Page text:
This Place

Devoted Birders!

I’ve been thinking a lot about how birding has changed me in unexpected ways. I’ve fallen in love with Southern Ontario and its parks, rivers, wetlands, sewage lagoons, beaches (who knew Ontario had beaches?!), fossils, woodlands. Of course, I harbour no illusions about this landscape of mine: it’s not remarkable in any way, there’s nothing sublime in it whatsoever, but now that I know many birding hotspots, and as I get to know the local species, along with their predictable, but sometimes peculiar, comings and going, the province has started to really feel like home. I’ve lived in Ontario on and off since 1987 (with a seventeen-year interlude, mind you), and the province has always inspired a feeling wanderlust in me, a take-me-anywhere-but-here mentality. Strangely, now that I’m birding that feeling has abated. I used to find the familiar both boring and altogether too easy; now, with every season, I’m starting to see the nuance of familiarity. I relish the return of Snowy owls and breathe a sigh of relief when I see them back in familiar terrain. This may well be age (middle age?) but I marvel most consistently at the everydayness of this familiar landscape and the fact that I’m learning more and more about its geography.

All that to say that although I love traveling and fantasize about northern light and landscapes pretty much constantly and imagine packing my bags and heading back for Whitehorse or the Lofoten Islands, I am, inadvertently, becoming a child of this place, of this altogether plain, mountain-less, ocean-less, sublime-less, and yet utterly magical place. And it’s very likely the birds’ fault.

Yesterday, minus 20 (give or take) degrees Celsius, winds beating our faces, we set out. In spite of the weather, or perhaps because of the weather. Either way, it’s winter and I’ve come to love the freezing temperatures. A welcome jolt to the system, this cold. We visited with the local Peregrine falcon who nests on the lift bridge between Hamilton and Burlington, we communed with the hundreds of Long tail ducks, I finally grasped the difference between a Canvasback duck and a Redhead by seeing them side-by-side. There were also coots, trumpeter swans, bufflehead, greater and lesser scaup, common mergansers — all usual suspects for January. And just when the day started to feel a little too uneventful we stopped by the Bronte Harbor and saw our first Snowy owl of the year. I gave out a little yelp and said what I say every single weekend I’m out in the field (except that awful day last fall when we stared at 400 house sparrows for hours in a freezing car, desperately in search of the eurasian tree sparrow and came home with NOTHING), “oh my goodness, people! this is the best day ever!” And that’s how birding works.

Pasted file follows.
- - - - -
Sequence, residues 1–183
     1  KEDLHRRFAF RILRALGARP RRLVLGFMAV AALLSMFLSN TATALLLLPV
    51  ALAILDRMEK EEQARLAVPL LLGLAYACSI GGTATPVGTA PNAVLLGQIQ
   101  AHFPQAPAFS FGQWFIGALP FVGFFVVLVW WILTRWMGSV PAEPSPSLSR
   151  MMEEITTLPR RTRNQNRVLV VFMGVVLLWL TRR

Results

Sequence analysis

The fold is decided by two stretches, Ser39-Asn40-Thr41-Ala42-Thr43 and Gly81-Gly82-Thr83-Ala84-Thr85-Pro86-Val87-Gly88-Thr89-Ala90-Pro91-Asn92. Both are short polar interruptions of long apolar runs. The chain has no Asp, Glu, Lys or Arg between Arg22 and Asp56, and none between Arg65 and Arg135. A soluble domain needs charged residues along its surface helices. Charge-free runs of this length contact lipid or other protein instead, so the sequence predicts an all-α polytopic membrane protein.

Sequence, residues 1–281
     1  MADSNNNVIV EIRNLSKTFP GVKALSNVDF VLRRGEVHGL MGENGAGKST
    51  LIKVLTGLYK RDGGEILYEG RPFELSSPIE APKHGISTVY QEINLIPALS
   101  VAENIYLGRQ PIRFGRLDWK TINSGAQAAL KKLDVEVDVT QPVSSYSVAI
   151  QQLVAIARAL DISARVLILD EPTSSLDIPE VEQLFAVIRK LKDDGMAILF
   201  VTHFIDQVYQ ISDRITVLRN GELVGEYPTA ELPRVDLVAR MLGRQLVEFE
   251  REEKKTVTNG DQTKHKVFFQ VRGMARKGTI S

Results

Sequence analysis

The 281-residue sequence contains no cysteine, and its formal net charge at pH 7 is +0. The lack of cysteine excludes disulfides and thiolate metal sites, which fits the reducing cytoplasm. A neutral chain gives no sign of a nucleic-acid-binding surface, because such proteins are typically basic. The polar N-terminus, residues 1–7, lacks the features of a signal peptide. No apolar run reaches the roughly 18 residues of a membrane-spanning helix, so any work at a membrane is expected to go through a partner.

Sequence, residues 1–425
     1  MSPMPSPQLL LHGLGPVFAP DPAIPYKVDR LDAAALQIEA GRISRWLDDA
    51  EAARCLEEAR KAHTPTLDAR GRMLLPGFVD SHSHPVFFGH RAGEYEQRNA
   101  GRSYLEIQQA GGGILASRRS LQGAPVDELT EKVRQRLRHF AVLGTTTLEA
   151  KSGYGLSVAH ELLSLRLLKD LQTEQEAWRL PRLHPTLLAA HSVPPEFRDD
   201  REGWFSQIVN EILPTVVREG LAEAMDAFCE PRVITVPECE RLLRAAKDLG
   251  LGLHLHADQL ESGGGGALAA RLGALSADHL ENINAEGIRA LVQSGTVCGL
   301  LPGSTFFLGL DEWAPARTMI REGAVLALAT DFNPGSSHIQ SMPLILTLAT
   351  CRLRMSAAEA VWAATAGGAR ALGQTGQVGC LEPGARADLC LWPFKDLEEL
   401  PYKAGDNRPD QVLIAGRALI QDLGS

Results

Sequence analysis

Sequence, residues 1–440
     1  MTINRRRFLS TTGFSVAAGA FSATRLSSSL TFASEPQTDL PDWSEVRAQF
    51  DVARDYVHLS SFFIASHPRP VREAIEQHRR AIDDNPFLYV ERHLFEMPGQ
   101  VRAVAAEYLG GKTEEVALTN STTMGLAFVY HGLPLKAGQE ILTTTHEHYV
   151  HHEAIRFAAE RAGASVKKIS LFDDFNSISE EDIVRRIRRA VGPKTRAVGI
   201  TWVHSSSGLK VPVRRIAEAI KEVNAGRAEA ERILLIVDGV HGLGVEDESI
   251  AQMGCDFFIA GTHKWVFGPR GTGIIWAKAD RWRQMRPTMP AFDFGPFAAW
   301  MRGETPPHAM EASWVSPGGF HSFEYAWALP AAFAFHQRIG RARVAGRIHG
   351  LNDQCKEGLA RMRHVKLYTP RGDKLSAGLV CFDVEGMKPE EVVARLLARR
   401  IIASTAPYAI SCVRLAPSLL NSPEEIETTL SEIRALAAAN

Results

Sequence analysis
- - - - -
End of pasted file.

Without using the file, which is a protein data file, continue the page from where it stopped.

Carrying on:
It really does transform a day and a place into the best thing ever.


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